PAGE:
The carbon cycle is the biogeochemical cycle by which carbon is exchanged among the biosphere, pedosphere, geosphere, hydrosphere and atmosphere of Earth. Along with the nitrogen cycle and the water cycle, the carbon cycle comprises a sequence of events key to making Earth capable of sustaining life. In this lesson students will discover how carbon dioxide affects aquatic ecosystems.
pH is a very important concept in chemistry. During this lesson, students learn about pH and how it affects us and the world around us. They will then use a universal indicator and concentrated acids and bases to create a rainbow of colored solutions. Before the solutions are discarded, the students will have to figure out how to neutralize each solution.
Chemistry is everywhere, even in the soil beneath our feet. During this hands-on activity, students will learn about the importance of Earth's most valuable resource, soil, and its chemical properties. Students will then assume the role of a crime scene investigator and use a soil test kit to look at the chemical properties of various soil samples to determine if fictional suspects were at the scene of a crime.
Plastics are everywhere. We use them in our houses, clothing, cars, etc. Plastics are polymers, which are large molecules consisting of many repeating subunits called monomers. The origin of most plastics used today is fossil fuel such as coal, natural gas and oil. These fossil fuels are nonrenewable resources that cannot be replaced in our lifetime once they have been used. Green, or bio-, plastics, are from a growing field of research that uses the starches (cellulose) in plants to produce a more environmentally friendly plastic. These “green” plastics are more biodegradable than petroleum-based ones and could be an alternative to the use of our limited fossil fuel resources. This could also reduce the amount of plastic in our society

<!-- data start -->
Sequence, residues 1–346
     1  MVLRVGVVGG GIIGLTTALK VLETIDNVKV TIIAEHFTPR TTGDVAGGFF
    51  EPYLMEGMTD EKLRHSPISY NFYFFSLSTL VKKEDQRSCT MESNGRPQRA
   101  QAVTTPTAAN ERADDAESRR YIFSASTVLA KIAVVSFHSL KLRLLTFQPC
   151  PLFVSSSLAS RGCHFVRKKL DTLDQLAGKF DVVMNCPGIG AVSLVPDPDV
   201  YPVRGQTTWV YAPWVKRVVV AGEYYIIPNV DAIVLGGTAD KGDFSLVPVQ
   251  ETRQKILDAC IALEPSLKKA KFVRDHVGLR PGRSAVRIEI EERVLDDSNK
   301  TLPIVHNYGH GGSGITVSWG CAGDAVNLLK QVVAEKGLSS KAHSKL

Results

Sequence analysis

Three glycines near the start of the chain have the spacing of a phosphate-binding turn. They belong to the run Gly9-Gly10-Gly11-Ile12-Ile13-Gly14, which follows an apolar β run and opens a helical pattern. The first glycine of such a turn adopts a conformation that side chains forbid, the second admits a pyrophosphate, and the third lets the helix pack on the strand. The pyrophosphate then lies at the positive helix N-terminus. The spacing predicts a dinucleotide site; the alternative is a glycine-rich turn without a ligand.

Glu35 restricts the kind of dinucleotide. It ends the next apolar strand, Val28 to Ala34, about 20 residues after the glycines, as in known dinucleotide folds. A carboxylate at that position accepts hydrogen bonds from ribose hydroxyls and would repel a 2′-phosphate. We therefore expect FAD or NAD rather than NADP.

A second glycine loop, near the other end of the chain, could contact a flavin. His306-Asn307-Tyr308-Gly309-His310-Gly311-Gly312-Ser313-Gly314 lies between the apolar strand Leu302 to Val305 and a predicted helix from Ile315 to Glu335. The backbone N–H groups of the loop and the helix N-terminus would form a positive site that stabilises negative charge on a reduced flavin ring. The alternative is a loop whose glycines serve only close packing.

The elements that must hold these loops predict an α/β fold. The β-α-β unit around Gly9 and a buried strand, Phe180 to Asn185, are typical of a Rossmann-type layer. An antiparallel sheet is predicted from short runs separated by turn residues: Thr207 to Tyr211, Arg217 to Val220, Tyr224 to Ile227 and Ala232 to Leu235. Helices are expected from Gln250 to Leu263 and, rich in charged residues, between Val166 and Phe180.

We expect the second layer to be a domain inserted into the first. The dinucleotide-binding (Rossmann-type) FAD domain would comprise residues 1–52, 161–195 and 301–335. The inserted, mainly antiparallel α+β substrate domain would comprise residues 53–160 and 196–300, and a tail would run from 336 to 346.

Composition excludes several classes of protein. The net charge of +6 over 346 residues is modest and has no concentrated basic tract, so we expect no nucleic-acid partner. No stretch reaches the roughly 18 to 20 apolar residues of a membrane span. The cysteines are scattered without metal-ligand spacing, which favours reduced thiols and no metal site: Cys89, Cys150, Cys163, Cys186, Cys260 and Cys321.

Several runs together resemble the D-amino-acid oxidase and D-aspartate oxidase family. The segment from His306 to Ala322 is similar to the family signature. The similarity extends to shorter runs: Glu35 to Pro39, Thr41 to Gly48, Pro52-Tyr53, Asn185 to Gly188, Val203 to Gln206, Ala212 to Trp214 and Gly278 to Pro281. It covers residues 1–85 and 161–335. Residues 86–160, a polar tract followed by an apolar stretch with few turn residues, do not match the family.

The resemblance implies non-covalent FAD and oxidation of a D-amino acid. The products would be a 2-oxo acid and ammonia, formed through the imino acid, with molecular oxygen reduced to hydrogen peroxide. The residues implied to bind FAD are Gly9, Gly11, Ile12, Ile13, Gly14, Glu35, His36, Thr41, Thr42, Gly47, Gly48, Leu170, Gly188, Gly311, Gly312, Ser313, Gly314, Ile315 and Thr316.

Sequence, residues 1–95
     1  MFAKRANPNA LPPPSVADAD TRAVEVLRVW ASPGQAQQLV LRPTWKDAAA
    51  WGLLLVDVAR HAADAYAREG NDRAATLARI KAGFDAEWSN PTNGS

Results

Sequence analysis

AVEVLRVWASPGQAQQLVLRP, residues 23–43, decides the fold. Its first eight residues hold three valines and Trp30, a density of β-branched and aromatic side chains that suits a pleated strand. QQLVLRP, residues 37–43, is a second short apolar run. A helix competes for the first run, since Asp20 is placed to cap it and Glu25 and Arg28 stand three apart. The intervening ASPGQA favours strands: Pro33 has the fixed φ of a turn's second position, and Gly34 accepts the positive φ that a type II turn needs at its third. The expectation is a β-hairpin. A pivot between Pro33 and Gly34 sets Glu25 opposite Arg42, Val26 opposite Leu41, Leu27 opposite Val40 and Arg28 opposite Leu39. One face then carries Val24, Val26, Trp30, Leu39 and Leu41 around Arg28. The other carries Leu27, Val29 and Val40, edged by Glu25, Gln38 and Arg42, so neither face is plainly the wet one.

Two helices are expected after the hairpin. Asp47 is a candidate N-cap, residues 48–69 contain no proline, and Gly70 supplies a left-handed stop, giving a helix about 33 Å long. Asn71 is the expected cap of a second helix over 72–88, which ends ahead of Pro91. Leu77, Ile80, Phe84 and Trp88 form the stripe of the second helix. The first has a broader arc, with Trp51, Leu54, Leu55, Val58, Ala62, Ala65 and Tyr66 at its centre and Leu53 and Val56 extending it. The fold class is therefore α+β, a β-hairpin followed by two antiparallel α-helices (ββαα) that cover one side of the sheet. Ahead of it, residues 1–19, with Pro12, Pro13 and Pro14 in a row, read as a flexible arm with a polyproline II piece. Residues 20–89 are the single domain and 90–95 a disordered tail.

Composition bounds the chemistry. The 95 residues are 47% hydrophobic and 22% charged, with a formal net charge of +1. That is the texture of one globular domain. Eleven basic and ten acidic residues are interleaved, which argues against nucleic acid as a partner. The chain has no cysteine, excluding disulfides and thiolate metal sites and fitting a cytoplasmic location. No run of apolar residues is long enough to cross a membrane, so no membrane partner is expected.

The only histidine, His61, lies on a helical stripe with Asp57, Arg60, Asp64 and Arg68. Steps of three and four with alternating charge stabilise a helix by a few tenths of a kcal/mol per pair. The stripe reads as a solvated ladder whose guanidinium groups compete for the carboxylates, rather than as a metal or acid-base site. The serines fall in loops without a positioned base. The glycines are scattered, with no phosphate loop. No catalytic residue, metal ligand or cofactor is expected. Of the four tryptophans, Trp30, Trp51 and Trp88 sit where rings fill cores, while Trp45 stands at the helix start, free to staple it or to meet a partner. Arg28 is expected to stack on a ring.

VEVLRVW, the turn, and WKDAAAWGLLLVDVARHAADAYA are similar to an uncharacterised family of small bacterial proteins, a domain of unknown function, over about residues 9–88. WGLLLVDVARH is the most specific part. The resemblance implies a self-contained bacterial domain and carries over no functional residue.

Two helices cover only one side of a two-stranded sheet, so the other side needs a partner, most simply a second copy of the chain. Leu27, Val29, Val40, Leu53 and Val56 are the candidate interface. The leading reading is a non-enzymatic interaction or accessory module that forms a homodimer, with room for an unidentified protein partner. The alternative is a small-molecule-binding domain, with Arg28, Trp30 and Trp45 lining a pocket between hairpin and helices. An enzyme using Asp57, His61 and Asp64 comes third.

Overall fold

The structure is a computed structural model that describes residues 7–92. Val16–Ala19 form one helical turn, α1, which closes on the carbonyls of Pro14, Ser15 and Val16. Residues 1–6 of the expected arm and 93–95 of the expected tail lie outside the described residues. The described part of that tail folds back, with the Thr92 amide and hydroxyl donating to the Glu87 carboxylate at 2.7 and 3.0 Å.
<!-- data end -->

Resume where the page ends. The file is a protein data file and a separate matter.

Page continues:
The energy to keep our bodies functioning comes from the food we eat. This food provides us with nutrients our bodies then break down into smaller components for use as fuel and as building blocks to create other compounds needed for life functions. Nutrition is defined as the ingestion, digestion and absorption of nutrients from food. There are six classes of nutrients our bodies need: carbohydrates, proteins, fats, vitamins, minerals and water.
DNA is the blueprint for life and almost every living organism on Earth contains a unique sequence of nucleotide bases. During this lesson, students will learn about the basics of DNA sequences and base pairing by constructing a bracelet of DNA sequence from organisms including humans, chimpanzees, butterflies, carnivorous plants or flesh-eating bacteria.
Egg drop is a fun and dramatic way to involve students in agriculture safety, specifically ATV safety. Student-designed “helmets” cover and protect a “brain” (or an egg) subjected to an extreme test.
After a discussion of safety features, the student-designed packaging will be dropped from a considerable height (50-90 feet). The goal is to create a helmet that successfully protects your egg from … a tragic ending.
Living organisms produce biological chemicals which perform functions similar to chemical catalysts. These biological catalysts are proteins formed by specific sequences of amino acids, which fold and twist into unique shapes, corresponding to the shape of the molecules with which they react. These groups of biological catalysts are enzymes and are essential to the proper functioning of living organisms.
One of the most basic scientific concepts is the interaction between forces and matter. Forces are observed around us in our everyday lives from the gravity keeping us on the ground to the wind blowing through the trees. There are only a five forces that are known to science. The first three — gravitational, electrical, and magnetic — are the forces that are most easily observed. The second two — nuclear and weak interaction forces — occur within the nucleus of an atom and are therefore, not observable to most people. While having a basic understanding of forces is important for your science grade, it is also important for your safety.